Many charities run pupil sponsorship schemes to help with educational needs but we have decided to continue with our bursary scheme for 2011. Much of our work is based upon giving people the tools to do the job rather than offering long term support and although, as with bursaries, the help may be financial it is given to enable the student to achieve a particular goal. We have awarded two bursaries this year; one to help Seth pay for his Secondary school fees, equivalent to our 6th form, and one for Samuel to help him buy a computer to assist with his ICT training course.

Each year we review our work to ensure that your money is being used in the most effective way. We largely rely on the teaching staff in the Ghanaian schools we work with to guide us but we also like to ask donors for suggestions. In February I returned to Ropley School to speak with the pupils about our work and asked them for their suggestions. I was slightly surprised when they asked if we could use the money they had raised, nearly £400, to buy a laptop. In my mind I had already consider a few ways to use their money but this was not one of them. My ideas were more basic, classroom equipment such as pens, books etc. or maybe some classroom furniture; however, the pupils argued that they would like to use it for something special, something which the Ghanaian pupils would be excited about. I shared this idea with some friends in Ghana and I quickly discovered that this was seen to be a brilliant suggestion. Lots of e mails, phone calls and discussions later I had expanded upon their idea and through working with a company called ‘Computers 4 Africa’ arranged for a container of 220 refurbished computers to be shipped to Ghana. This included several laptops paid for by the pupils at Ropley. Computers had always been high on the ‘wish list’ but it had remained a wish; now, thanks to the pupils and staff at Ropley, it is a reality. In October the computers and laptops arrived in Ghana and after a bit of negotiation with the port authorities they have now been distributed to 10 different schools within the New Tafo area. Having recently returned from these schools I can confirm that the pupils were very excited about this. How did we pay for this? A good question, well £1620 came from SEPIA, some came from the schools in Ghana through their own fund-raising and some came from Helen and I. This turned out to be our most expensive project to date but if you could have witnessed the amazing reception we received when visiting the schools you would realise that it was a small price to pay.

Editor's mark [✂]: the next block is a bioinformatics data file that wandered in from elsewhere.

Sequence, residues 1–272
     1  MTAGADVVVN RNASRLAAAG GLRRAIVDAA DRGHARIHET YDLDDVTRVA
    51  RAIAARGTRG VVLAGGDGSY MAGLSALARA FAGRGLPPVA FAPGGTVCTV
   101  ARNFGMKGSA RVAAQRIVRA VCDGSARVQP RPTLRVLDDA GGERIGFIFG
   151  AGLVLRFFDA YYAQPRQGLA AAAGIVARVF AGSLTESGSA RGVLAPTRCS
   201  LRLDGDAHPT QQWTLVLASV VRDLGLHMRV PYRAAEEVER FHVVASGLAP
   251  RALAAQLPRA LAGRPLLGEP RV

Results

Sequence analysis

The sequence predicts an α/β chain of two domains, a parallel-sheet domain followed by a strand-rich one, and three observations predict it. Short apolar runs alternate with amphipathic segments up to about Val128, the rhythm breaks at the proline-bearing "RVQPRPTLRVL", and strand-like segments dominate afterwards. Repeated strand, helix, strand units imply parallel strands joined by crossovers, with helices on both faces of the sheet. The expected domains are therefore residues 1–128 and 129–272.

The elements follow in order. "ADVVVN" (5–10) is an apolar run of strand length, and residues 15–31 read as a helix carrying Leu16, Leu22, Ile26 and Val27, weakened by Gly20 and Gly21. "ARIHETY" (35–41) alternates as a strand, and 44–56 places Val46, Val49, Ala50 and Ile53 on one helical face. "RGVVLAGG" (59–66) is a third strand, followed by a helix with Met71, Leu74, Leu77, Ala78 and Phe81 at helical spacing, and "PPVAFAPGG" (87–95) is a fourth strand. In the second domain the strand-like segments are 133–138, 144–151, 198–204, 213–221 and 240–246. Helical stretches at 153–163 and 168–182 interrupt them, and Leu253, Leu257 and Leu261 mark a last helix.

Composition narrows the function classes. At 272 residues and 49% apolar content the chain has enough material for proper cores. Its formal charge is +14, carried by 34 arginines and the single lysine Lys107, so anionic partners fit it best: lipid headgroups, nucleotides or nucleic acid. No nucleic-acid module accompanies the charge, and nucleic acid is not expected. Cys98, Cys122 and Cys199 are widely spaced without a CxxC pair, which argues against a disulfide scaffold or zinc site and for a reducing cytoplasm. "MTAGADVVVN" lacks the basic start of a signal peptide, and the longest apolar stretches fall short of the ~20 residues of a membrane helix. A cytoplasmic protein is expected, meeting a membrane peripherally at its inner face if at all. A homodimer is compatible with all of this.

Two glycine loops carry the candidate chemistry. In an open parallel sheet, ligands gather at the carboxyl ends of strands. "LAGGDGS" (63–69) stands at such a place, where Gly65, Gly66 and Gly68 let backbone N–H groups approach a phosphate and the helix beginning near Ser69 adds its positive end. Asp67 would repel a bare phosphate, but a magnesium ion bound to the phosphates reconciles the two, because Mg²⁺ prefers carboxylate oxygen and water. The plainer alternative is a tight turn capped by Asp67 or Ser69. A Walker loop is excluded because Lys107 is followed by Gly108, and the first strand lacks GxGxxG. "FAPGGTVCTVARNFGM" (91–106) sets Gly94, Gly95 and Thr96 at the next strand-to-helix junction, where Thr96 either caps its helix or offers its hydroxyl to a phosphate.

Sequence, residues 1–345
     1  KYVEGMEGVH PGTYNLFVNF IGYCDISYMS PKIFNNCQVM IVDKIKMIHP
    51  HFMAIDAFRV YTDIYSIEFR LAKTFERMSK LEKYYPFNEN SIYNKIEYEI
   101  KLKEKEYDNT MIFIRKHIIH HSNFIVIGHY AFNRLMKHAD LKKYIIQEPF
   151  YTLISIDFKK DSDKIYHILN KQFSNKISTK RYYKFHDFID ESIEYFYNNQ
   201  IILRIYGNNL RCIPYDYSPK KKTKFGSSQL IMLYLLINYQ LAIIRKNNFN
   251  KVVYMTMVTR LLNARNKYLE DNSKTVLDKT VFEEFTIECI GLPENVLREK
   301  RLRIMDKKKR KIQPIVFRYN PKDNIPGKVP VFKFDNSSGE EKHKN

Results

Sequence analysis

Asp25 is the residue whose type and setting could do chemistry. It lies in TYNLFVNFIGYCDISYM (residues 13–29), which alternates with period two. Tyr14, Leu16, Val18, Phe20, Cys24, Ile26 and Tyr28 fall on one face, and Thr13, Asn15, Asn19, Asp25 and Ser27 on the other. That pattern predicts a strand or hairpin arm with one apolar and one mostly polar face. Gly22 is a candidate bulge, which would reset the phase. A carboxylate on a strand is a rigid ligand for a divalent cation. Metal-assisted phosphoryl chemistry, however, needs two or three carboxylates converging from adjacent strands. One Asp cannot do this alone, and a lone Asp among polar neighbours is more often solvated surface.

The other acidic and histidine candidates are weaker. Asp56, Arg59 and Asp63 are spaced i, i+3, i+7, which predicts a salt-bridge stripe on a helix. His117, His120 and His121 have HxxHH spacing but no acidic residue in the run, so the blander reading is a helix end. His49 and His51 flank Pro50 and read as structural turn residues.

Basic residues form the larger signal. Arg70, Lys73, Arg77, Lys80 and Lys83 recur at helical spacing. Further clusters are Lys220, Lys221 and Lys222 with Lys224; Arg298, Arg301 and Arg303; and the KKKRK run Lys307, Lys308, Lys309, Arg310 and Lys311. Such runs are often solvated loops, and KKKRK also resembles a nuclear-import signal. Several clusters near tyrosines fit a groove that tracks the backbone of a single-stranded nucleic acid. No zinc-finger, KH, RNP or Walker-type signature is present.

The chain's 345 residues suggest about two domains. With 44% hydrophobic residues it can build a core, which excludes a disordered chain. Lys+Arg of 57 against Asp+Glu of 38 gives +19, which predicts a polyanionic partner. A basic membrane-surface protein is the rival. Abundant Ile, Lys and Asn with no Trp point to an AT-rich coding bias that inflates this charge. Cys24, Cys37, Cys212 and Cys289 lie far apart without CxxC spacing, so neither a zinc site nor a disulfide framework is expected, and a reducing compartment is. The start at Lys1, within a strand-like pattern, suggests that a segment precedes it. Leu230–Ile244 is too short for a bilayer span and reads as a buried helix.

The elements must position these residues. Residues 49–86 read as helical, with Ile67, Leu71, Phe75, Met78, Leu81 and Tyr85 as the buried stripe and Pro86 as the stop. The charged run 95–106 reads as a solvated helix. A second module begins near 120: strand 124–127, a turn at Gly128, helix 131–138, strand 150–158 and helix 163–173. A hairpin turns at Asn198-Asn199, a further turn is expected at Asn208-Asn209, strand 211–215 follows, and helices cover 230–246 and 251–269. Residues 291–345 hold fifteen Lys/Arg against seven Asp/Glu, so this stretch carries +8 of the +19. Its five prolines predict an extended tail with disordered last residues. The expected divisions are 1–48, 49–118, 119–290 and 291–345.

New for 2011

Our website has been up and running for a while now and I hope you have had a chance to look at it. Hosted for free by Helen’s brother, Michael Matthews, and built and run by Aaron’s friend, Lewis Desforges, it’s a good way to keep up to date with our work. This is also an easy way to donate to SEPIA. Our payments are processed by Charity Choice for free and they will also allow you to complete a Gift Aid section too. Even though we do not earn enough to be recognised by the Charity Commission the tax office recognise us for gift aid purposes, so feel free to use this facility!

Easy fundraising

Thank you to those who are now doing their internet shopping though the SEPIA Easy fundraising account, which has now raised just over £50. If you have yet to use it, click here - You will have to set up your own account, choose SEPIA as your charity and then, if you want to buy something from Amazon or M & S or hundreds of other well-known suppliers, just make sure you access their website via your sepia.easyfundraising account. It’s all free and it raises money, so try it out at Christmas!

Coming soon

The ‘Book and Pen’ campaign launch; buy a brick campaign as we try to help an Asafo school build another classroom and possibly another computer shipment. For more info contact us at our new e mail address:

Finally, Helen, Aaron and I would like to wish you all a Merry Christmas and we look forward to sharing more information with you in 2012.

Michael Clarke



The new computers are installed in the community library so that more than one school can use them.


New Tafo Methodist Primary classroom in action


Appiah with Helen and Madam Juliet, New Tafo Methodist head teacher


Computers set up and ready at Mid Tafo Presbyterian JHS


Pupils at Asafo Presbyterian JHS being shown how the use the new computers